Sometimes, you don’t see a problem partner coming. This can happen in a few different ways, but one common example is when an investor purchases a large share of the company, and then starts flexing their proverbial muscles to force the company to bend to their will. This kind of person is sometimes called an “Activist Investor”. The thing to watch out with an Activist Investor is that they can sometimes enrich themselves at the expense of the company, and then sell their shares in time to get out from underneath the collapse they engineered. Or maybe they have decided that the company should do something that ultimately leads to ruin, and they use their power to strongarm the company into complying.
One example of this can be seen in the death of Blockbuster Video. Most analysts, when discussing the fall of the blue and gold giant, focus on Netflix’s role in hastening that collapse. However, a little less well known is the internal warfare going on between the company’s CEO, John Antioco, and a billionaire Activist Investor named Carl Icahn.
Things had mostly gone pretty well for Antioco. His innovations and strategies had helped Blockbuster grow and obtain a higher market share and profitability. But then along comes Netflix, which at the time was still solely in the business of mailing video rentals. I know it’s difficult to remember a time when Netflix wasn’t a streaming video provider, but it really wasn’t all that long ago.
In 2004, Antioco foresaw how Blockbuster could circumvent the rise of Netflix, so he had Blockbuster start Total Access, its own online video rent-by-mail service and eliminated the late fees that had been a huge chunk of their profits. Viacom, who then owned about 80% of Blockbuster stock, felt this was a losing strategy, and sold its shares.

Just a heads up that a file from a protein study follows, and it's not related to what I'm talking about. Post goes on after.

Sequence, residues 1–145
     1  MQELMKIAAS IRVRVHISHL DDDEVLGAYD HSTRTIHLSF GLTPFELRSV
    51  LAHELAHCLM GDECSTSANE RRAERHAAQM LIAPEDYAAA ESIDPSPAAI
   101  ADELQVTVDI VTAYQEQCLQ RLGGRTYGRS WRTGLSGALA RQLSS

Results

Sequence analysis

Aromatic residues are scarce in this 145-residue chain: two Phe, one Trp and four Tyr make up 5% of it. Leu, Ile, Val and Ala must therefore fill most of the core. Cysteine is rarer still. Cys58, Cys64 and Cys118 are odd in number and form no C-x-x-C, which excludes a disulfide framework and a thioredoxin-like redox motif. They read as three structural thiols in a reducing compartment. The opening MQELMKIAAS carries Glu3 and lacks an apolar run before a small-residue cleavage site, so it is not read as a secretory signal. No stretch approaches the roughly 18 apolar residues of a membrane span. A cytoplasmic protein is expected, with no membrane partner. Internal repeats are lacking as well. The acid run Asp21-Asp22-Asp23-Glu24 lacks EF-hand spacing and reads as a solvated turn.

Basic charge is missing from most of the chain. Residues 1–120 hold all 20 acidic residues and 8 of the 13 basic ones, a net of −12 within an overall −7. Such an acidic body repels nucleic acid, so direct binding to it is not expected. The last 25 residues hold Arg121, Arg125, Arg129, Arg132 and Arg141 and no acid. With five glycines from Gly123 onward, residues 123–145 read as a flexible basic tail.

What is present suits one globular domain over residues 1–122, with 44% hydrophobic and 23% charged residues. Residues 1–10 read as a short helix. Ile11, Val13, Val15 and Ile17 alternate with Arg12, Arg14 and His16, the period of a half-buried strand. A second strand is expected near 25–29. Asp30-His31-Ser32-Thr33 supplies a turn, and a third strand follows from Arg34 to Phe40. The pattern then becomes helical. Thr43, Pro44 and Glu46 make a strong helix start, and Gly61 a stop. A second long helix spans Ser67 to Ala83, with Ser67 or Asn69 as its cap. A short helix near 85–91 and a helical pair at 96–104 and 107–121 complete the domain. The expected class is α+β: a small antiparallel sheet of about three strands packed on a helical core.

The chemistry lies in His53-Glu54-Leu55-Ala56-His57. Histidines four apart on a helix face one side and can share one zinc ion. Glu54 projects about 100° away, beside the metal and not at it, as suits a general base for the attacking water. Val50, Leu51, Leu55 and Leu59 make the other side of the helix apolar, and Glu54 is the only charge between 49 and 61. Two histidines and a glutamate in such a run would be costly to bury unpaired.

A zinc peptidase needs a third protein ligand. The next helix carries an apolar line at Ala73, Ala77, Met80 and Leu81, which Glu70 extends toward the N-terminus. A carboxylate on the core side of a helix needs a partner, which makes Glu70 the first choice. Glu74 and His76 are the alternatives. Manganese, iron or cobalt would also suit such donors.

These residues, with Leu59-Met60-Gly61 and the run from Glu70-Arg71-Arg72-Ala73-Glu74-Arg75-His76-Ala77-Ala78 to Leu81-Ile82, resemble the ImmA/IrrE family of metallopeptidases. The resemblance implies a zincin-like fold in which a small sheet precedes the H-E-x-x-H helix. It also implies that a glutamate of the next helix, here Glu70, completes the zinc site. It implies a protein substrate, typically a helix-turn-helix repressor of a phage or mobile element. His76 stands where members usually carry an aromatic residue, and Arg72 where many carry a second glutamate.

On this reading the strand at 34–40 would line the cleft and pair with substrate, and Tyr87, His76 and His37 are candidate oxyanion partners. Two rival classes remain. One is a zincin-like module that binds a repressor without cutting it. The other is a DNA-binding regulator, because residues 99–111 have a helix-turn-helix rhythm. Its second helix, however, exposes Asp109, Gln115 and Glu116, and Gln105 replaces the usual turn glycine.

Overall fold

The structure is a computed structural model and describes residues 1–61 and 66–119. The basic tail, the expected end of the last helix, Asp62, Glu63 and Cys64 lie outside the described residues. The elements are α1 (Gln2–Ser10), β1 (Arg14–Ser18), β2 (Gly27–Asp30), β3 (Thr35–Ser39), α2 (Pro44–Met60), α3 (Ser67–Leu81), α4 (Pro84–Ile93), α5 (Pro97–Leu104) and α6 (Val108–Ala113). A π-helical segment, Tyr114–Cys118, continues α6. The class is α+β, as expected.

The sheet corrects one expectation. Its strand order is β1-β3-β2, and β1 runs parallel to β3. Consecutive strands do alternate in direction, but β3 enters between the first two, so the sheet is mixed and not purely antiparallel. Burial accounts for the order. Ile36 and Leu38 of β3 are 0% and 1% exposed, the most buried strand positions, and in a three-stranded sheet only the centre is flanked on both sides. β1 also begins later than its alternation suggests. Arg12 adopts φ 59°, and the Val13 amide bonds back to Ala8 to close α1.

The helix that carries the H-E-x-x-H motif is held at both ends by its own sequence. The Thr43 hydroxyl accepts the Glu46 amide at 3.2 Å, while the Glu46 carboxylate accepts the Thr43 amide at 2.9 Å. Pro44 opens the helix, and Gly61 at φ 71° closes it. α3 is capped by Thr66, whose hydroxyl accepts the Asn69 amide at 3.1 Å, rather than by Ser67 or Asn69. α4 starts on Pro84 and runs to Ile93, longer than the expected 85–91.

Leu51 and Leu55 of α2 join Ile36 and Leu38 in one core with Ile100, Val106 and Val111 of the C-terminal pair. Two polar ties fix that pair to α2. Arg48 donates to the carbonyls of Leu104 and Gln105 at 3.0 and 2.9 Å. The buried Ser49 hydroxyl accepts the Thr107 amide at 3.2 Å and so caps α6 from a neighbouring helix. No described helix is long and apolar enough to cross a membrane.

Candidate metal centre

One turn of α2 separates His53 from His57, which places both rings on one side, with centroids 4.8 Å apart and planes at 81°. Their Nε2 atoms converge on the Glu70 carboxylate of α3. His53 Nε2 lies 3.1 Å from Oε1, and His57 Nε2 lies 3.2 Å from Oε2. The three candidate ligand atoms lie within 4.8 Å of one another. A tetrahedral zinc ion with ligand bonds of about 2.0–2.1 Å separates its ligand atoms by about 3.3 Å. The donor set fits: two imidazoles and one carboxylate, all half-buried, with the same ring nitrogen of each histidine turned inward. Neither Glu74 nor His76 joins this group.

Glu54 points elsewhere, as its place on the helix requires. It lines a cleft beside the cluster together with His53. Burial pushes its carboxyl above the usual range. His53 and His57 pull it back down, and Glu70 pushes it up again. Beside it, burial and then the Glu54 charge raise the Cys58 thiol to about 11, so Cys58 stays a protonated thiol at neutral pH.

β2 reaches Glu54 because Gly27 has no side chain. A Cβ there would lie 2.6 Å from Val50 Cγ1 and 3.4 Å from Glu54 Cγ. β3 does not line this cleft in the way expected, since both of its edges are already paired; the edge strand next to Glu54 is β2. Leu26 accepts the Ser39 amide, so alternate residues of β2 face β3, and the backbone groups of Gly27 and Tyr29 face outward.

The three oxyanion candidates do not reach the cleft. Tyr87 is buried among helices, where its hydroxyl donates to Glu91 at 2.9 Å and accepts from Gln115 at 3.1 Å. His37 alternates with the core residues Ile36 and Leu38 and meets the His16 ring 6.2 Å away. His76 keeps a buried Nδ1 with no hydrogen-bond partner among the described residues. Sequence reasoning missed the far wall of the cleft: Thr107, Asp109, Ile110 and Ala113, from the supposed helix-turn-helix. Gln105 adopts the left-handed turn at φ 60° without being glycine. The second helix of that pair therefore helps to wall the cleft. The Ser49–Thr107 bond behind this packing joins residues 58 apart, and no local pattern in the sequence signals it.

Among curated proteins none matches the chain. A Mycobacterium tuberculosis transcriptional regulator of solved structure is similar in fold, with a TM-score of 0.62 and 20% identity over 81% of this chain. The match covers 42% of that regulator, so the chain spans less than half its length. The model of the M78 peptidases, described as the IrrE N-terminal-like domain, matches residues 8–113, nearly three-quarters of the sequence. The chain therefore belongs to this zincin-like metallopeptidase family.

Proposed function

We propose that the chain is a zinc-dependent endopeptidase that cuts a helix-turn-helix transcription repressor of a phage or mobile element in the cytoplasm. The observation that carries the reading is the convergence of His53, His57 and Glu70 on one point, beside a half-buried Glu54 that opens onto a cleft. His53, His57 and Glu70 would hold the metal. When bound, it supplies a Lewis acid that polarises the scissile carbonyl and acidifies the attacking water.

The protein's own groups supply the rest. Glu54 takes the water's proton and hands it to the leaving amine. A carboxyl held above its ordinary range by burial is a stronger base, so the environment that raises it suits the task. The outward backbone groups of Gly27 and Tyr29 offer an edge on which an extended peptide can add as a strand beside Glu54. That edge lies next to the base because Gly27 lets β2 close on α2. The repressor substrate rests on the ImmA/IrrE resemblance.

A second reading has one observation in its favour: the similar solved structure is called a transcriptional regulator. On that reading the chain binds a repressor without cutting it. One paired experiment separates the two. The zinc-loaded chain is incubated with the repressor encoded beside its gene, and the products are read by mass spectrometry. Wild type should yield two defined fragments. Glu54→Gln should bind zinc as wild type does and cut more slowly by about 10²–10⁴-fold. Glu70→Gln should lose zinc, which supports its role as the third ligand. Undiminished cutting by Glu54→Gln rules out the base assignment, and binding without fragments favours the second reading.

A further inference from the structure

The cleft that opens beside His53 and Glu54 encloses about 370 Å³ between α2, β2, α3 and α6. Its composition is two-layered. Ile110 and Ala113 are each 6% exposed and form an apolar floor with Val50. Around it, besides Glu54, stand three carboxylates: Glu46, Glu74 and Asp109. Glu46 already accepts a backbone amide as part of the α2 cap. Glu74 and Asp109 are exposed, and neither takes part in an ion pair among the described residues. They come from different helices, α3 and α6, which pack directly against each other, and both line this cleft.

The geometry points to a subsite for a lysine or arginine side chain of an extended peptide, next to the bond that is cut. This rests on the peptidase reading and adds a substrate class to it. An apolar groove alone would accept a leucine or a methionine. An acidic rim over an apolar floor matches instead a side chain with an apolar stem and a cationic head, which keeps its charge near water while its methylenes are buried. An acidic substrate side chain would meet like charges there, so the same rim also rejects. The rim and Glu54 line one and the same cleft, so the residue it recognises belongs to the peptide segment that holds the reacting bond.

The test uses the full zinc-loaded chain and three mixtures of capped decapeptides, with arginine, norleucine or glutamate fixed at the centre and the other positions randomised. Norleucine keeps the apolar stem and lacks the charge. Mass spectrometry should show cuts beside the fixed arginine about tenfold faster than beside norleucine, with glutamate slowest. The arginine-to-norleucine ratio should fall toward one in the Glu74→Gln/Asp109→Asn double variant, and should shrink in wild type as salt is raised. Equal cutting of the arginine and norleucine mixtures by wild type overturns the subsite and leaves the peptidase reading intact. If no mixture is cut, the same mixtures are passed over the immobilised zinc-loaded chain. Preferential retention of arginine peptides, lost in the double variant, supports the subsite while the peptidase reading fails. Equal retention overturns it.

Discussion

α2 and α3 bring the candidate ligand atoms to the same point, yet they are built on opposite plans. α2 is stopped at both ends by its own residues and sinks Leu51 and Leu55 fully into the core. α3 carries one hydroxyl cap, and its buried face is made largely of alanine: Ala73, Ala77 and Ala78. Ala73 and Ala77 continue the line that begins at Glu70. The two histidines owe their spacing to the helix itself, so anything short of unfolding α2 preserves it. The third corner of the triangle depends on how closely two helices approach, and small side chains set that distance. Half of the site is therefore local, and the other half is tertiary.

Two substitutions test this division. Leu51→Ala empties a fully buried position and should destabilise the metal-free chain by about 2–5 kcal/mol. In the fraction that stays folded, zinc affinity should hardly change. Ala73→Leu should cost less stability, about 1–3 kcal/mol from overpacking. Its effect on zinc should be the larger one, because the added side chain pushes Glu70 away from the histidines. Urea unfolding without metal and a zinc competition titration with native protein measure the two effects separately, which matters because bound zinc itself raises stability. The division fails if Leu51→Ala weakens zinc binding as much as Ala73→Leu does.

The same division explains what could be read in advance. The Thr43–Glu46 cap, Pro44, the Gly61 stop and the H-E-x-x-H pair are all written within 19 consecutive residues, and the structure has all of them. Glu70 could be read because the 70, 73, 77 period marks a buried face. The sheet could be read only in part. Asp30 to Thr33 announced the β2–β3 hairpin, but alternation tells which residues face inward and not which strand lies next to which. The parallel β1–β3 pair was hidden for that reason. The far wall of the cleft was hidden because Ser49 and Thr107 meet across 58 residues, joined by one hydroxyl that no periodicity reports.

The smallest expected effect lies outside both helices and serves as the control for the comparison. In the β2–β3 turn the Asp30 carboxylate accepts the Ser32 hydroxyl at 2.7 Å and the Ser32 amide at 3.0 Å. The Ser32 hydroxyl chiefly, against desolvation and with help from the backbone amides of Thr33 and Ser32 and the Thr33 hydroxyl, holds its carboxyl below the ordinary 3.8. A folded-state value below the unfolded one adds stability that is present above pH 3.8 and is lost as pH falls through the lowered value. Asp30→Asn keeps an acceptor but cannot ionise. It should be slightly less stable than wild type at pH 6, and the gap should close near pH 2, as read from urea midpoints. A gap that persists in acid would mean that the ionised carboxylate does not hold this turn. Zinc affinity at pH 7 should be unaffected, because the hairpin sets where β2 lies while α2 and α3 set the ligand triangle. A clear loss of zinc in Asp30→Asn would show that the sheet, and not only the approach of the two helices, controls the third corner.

At that time, Icahn comes in and buys a large share of Blockbuster. Then Icahn used a variety of different methods to gain control over the company: proxy battles, media interviews, boardroom power plays, et cetera. Icahn used his leverage to try to get the company to bring back the late fees and ditch the online component. Then, when he couldn’t force Antioco to do what he wanted, he went after Antioco’s compensation and bonus package. Eventually, in 2007, Antioco relented and resigned.
Unfortunately, Icahn had won the battle, but Blockbuster had lost the war. The new CEO, John Keyes, adopted exactly what Icahn wanted, shut down the online rental component, and brought back the late fees. What Antioco had understood, but neither Icahn nor Keyes seemed to grasp, was that at the time Antioco left, Netflix was on the ropes. Antioco’s war of attrition was working, and if he’d been able to keep the pressure on them, Netflix may very well have gone bankrupt.
In 2011, Icahn admitted as much, in a way that obfuscated his role in the fiasco, saying:
Blockbuster turned out to be the worst investment I ever made. […] Maybe the board did make a mistake in picking Jim Keyes as Antioco’s successor—Keyes knows retailing and did an excellent job with the stores, but he isn’t a digital guy. I also think Antioco did a good job in executing on Blockbuster’s Total Access program, which allowed customers to rent unlimited movies online and in stores. Over time it might have helped Blockbuster fend off Netflix. But Keyes felt the company couldn’t afford to keep losing so much money, so we pulled the plug. To this day I don’t know what would have happened if we’d avoided the big blowup over Antioco’s bonus and he’d continued growing Total Access. Things might have turned out differently.
Of course, the rest is history. Three years after Antioco left, Blockbuster went bankrupt, and today Netflix is on top of the world. And while there really wasn’t much that Antioco could do to stop Icahn, I believe it’s important to examine and understand their rivalry and contest for power, because, while maybe your business isn’t going to attract a billionaire Activist Investor, this case study shows how you can even fall into a Partner Trap without having any intention of partnering with someone. Keep a lookout for potential traps, so you don’t accidentally find yourself in Antioco’s shoes.
This Blog was written by Hunter Business Law’s Founding Partner, Sheryl Hunter, Esq.
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